Karzai says U.S. credibility at stake in wake civilian Afghan deaths
New York, Sept. 25 : Afghanistan’s President Hamid Karzai has warned the United States that its credibility is at stake in the wake of the killing of innocent Afghans by NATO troops.
“Terrorist forces have significantly increased their attacks and brutality and enjoyed freedom in their sanctuaries. Civilian casualties can seriously undermine the legitimacy of fighting terrorism and the credibility of the Afghan people''s partnership with the international community,” Karzai told the UN General Assembly''s annual gathering of world leaders.
He, however, called for even more foreign soldiers, echoing the views of U. S. generals, who said another 10,000 combat troops are urgently needed.
According to the Globe and Mail, last month, more than 90 civilians, including 60 children, were killed when U. S. warplanes bombed an extended-family gathering after flawed intelligence targeted the group as jihadists.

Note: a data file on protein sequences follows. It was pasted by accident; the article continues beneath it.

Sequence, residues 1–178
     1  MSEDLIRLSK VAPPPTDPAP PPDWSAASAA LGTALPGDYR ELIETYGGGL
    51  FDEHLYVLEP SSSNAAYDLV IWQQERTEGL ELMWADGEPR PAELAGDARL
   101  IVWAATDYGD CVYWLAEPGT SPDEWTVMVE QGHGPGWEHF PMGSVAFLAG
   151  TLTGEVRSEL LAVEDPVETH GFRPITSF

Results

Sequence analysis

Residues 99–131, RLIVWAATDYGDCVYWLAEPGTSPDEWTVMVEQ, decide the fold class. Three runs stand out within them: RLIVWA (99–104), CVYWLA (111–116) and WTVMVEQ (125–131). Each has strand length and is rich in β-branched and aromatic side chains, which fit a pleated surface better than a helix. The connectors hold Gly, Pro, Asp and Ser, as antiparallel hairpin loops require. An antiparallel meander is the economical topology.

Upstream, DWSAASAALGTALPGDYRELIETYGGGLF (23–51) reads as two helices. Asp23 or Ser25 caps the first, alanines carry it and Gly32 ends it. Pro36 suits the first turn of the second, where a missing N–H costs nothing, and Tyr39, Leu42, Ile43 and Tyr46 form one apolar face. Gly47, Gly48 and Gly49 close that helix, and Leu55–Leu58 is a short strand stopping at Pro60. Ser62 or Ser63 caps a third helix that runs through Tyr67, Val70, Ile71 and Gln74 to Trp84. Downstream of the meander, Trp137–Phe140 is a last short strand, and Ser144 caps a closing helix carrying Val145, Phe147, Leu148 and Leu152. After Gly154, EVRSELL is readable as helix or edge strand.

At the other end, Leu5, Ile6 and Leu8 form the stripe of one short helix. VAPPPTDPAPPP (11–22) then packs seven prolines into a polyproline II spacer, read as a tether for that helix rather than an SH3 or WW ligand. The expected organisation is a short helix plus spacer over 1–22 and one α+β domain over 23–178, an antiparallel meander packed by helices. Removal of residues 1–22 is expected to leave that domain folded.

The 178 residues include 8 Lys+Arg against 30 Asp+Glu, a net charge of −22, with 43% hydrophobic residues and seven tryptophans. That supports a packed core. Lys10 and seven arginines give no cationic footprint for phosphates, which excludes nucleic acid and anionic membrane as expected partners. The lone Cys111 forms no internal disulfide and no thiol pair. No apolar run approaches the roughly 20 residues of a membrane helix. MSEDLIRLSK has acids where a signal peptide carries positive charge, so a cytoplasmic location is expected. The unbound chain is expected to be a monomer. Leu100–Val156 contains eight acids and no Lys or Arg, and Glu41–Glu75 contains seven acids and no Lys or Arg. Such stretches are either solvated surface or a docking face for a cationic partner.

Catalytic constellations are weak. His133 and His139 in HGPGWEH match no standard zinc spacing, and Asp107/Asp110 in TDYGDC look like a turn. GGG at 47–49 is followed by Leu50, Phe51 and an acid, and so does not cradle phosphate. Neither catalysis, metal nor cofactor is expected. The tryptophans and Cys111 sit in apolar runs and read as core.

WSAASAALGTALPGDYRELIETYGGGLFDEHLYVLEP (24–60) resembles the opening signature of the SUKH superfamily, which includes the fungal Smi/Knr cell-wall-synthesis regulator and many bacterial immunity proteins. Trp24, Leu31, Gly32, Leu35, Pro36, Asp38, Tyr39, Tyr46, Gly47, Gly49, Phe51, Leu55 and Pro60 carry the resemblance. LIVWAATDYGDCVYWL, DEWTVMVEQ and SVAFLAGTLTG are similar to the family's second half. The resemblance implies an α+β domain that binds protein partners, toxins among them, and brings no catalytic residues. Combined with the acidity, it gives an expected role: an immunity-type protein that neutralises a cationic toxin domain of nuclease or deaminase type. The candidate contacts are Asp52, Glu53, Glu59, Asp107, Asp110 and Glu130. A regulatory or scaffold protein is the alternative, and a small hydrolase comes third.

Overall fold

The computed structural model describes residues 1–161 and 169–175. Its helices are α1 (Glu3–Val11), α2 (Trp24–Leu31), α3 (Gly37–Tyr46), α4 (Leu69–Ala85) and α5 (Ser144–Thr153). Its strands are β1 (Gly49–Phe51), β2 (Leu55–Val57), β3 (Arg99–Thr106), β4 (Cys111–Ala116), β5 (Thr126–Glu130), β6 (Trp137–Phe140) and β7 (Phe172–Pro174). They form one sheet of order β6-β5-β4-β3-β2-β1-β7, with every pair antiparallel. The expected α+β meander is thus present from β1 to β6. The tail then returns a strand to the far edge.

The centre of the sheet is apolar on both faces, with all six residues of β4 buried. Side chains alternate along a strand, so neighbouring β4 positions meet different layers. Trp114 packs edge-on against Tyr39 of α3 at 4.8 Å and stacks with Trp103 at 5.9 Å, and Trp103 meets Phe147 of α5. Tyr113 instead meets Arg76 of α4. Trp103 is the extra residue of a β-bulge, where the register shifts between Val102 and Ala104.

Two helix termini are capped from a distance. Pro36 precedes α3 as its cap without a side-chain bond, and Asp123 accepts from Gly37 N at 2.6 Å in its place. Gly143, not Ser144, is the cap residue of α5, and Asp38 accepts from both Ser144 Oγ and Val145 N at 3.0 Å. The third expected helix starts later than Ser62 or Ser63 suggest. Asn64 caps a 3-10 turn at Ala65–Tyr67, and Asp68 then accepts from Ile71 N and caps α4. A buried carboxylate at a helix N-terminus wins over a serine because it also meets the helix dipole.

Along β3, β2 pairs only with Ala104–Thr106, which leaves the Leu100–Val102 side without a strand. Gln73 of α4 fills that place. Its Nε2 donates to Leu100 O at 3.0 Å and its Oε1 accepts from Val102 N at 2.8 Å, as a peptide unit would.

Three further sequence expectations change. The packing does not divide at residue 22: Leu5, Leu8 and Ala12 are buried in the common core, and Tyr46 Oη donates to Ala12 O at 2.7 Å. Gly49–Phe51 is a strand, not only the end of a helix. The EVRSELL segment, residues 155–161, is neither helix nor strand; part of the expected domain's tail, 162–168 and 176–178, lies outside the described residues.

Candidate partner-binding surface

Although it is major air strikes like last month''s that garner international headlines, the ongoing killings of civilians by foreign troops, including incidents involving Canadian soldiers, also saps Afghan support for the counterinsurgency.
Karzai said there was an urgent need “for a redoubling of efforts by the international community aimed at enabling the Afghan national security institutions, both the army and the police, to take on a greater share of the war against terrorism and the protection of our people.”
The “Afghanization of the military operations is vital if the problem of civilian casualties is to be addressed effectively,” he said.
Meanwhile, several countries with major combat contributions in southern Afghanistan, including Canada, have already announced they are pulling out.
The Netherlands intends to cease combat operations in 2010 and Canadian Prime Minister Stephen Harper has announced he will bring Canada''s troops home. (ANI)